Biology Seminar | Christina Hueschen, PhD | Stanford University | Emergent Actin Flows Explain Distinct Modes of Gliding Motility
Postdoctoral Researcher at Stanford University.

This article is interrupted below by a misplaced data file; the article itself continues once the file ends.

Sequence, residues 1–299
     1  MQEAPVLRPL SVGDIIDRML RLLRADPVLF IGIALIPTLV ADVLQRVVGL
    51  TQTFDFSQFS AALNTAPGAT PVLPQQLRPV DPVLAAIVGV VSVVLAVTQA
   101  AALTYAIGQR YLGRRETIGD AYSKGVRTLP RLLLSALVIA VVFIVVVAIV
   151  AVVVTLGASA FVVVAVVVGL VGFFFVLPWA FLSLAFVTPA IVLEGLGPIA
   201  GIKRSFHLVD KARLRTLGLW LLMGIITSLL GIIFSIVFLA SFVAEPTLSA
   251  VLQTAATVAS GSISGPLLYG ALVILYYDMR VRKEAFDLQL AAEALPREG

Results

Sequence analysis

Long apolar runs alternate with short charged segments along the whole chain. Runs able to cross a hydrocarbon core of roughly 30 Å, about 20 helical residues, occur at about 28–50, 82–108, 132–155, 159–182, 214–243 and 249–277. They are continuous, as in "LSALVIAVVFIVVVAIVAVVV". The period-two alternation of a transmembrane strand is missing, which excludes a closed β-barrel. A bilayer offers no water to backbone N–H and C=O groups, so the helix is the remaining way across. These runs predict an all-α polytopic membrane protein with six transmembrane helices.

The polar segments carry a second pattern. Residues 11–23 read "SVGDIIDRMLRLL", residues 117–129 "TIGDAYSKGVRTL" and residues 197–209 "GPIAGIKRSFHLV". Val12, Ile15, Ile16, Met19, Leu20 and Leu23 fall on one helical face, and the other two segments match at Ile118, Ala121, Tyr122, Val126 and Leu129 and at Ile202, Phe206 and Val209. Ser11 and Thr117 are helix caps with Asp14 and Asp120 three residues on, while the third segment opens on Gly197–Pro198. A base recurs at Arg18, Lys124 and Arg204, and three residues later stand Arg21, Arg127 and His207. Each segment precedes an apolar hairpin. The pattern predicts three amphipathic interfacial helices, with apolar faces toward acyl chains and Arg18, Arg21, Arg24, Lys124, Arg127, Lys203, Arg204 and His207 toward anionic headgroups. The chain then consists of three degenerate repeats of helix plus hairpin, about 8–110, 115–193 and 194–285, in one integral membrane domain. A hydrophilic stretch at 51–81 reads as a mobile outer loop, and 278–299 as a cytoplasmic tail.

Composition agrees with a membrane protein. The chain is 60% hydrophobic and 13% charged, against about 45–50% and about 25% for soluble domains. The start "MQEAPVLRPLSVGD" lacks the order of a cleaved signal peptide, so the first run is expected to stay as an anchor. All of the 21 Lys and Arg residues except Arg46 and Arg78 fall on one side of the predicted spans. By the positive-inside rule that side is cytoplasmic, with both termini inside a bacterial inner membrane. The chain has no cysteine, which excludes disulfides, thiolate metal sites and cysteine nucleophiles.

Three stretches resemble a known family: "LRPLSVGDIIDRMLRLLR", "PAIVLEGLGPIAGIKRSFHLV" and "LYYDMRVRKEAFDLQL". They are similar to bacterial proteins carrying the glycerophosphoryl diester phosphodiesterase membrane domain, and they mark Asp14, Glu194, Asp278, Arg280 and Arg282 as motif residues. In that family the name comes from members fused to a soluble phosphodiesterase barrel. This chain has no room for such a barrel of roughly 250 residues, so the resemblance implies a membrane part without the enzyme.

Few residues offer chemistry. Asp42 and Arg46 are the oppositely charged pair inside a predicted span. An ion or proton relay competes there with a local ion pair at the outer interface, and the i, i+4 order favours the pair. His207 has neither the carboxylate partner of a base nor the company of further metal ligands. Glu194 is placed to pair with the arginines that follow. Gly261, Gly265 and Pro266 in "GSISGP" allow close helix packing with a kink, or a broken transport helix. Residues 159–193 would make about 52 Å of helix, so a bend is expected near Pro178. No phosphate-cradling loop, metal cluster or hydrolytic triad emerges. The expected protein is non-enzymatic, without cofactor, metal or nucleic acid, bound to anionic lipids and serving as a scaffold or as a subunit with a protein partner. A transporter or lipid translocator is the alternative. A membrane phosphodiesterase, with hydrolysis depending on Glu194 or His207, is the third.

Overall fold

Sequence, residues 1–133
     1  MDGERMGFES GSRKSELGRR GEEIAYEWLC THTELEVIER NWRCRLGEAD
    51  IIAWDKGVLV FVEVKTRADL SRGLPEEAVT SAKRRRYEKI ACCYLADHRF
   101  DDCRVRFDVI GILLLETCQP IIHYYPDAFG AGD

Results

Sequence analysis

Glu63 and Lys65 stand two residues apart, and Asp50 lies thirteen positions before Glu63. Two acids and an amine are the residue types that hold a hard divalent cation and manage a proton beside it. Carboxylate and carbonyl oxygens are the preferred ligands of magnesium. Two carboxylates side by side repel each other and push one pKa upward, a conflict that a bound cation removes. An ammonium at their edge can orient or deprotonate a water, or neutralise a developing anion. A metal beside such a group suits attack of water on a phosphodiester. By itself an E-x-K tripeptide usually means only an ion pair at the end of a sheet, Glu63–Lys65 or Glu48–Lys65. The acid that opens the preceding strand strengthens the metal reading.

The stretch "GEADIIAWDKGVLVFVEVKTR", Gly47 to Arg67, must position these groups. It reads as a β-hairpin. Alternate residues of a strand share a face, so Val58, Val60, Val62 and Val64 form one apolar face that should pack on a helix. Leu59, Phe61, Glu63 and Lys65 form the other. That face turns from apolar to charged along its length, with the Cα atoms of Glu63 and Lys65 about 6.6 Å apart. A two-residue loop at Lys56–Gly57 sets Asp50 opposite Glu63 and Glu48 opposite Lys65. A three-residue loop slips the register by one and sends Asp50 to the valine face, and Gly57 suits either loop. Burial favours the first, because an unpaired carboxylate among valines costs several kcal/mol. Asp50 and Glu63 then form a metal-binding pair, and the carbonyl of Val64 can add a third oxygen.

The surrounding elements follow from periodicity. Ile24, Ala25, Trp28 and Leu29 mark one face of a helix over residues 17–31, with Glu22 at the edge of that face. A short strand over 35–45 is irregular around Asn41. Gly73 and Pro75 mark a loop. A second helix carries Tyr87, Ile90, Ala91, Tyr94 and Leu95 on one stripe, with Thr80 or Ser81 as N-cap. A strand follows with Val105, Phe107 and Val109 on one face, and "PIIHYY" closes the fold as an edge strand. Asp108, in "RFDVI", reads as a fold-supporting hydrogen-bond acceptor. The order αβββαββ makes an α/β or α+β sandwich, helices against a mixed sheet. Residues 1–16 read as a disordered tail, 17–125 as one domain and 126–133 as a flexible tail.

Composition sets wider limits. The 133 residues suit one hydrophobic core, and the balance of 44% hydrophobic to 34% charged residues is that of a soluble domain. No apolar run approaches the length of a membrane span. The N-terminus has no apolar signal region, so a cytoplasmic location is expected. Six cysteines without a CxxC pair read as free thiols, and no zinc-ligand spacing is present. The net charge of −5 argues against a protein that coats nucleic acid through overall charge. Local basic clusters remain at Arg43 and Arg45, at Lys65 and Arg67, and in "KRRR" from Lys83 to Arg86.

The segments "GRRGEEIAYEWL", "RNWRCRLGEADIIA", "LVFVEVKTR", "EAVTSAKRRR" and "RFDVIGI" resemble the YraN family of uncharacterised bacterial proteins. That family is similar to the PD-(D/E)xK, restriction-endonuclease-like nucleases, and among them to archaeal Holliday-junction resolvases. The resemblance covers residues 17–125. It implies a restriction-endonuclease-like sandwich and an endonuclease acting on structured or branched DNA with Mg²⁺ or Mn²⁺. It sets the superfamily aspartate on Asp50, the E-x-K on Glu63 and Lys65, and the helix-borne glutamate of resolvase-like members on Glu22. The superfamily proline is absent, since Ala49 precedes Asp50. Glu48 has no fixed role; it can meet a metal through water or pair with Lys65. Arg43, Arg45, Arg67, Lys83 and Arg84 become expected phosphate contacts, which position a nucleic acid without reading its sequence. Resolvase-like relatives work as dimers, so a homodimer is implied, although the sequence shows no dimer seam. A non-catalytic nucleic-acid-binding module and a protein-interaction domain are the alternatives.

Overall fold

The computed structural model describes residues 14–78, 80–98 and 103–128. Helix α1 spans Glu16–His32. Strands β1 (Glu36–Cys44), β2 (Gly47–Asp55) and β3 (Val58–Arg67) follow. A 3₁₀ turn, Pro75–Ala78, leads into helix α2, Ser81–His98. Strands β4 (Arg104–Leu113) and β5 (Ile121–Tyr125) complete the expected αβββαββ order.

Abstract: The lives and forms of parasitic organisms showcase striking biophysical phenomena. My work explores cellular dynamics, tissue mechanics, and morphogenesis through key phenomena in the lives of eukaryotic parasites: motility, penetration of host tissue, and organismal shape change. This talk will focus on gliding motility, the unique form of cell locomotion used by unicellular apicomplexan parasites like Toxoplasma gondii and the Plasmodium species that cause malaria. Apicomplexan parasites use gliding to move through a host body during infection, and gliding is powered by a thin layer of flowing actin filaments at the parasite surface. How does the collective motion of surface actin filaments emerge, and how does it drive the varied parasite gliding movements that we observe experimentally? I will present findings based on single-molecule imaging in Toxoplasma gondii parasites and use continuum flocking theory to predict emergent filament flows in the unusual confines provided by parasite geometry. This actin filament flocking model enables the exploration of distinct self-organized states tuned by filament lifetime, which can account for the diversity of observed Toxoplasma gliding motions. This theory-experiment interplay illustrates how different forms of gliding motility can arise as an intrinsic consequence of self-organized actin filament flows at a cell surface.